Optimizing Year Round Leek Production in the Ozarks
This first year of research involved multiple succession plantings using multiple manners of “seedling” production. These experiments have begun to show the possibilities of a much more extended season for leeks, which traditionally, for our farm, have been a primarily overwintered, hoop house crop.
Expanding the season of leek production will require multiple growing methods suited to each season and growing condition. The research intent is to explore some of these methods, especially as relates to the early stages of seedling production. Because the leek seedlings started from seed take well over a month to achieve siginificant size, it is the hope of this research to develop some possible methods for producing the next season’s seedlings, clones and bulbs from the leek crop, in addition to the marketed harvested mature leeks.
Objectives for the year included an overwintered crop in the hoop house, with efforts at mulitiple methods of achieving a propogation method in additon to the harvest. Other objectives were an outdoor crop for the late spring and into the warm season, and more experiments with fall transplanting of clones and seedlings.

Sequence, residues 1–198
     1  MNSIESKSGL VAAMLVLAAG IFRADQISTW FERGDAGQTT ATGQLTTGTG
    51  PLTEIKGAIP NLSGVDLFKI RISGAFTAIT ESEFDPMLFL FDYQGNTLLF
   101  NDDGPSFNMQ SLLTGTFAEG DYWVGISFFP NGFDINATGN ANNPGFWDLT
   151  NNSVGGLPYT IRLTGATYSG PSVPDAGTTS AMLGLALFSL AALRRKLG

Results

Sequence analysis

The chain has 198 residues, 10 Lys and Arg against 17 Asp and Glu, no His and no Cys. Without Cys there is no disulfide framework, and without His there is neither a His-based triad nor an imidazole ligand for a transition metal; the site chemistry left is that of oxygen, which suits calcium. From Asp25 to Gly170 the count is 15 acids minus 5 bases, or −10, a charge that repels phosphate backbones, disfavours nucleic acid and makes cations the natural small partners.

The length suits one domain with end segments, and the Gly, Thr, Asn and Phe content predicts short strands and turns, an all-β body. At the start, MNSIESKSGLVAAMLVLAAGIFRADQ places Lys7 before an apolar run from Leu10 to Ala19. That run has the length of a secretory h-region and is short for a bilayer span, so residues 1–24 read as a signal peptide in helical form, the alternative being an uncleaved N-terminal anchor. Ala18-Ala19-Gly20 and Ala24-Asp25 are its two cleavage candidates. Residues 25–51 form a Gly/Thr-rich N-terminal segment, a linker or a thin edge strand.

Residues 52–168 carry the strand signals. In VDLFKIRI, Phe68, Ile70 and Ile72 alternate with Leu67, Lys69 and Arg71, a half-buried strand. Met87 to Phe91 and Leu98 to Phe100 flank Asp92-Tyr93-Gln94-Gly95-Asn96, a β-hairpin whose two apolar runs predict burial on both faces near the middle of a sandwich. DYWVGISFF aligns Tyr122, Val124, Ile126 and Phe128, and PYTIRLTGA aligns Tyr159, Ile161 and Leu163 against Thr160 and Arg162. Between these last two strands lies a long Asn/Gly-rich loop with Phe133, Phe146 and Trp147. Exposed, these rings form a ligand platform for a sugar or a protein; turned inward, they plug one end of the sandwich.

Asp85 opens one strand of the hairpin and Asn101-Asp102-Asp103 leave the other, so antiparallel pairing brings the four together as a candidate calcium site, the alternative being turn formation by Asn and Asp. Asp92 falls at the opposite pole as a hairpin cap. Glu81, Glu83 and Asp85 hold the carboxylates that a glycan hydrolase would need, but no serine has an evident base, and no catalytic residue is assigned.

In the first year of research, crops were started from seed, transplanted seedling clones, and transplants of cloned bulbs.
Indoor crops overwintered in an unheated hoop house were divided into two groups. Half the mature leeks were left to continue development and “bolt”, go to seed, and generate seedling clones and seedling bulbs at the base of the mother plant in fall. The other half were chopped at 1/2″ above soil level and left in place.
Outdoor crops were started with two sets of seedlings, one set was started in late December of the previous year, and the other set was started mid January. Both sets of seedlings were transplanted outdoors in mid spring and maintained throughout the summer.
Indoor crops for the next winter season were started in fall, using multiplied clone bulbs and seedlings that resulted from the indoor crop experiments from the previous season.
Raised beds were transplanted, some with seedling clones, with tops developing, some with cloned bulbs, without any tops and still in a dormant bulb form. some bulbs were held back in storage, intended for early spring planting. Other raised beds in the hoop house were transplanted with true seedlings, started from seed during the summer.
These comparison groups were all maintained with consistent weeding and watering. the hoop house crops receive over head water daily as needed, and the outdoor crops were planted in rows under soaker hose drip irrigation.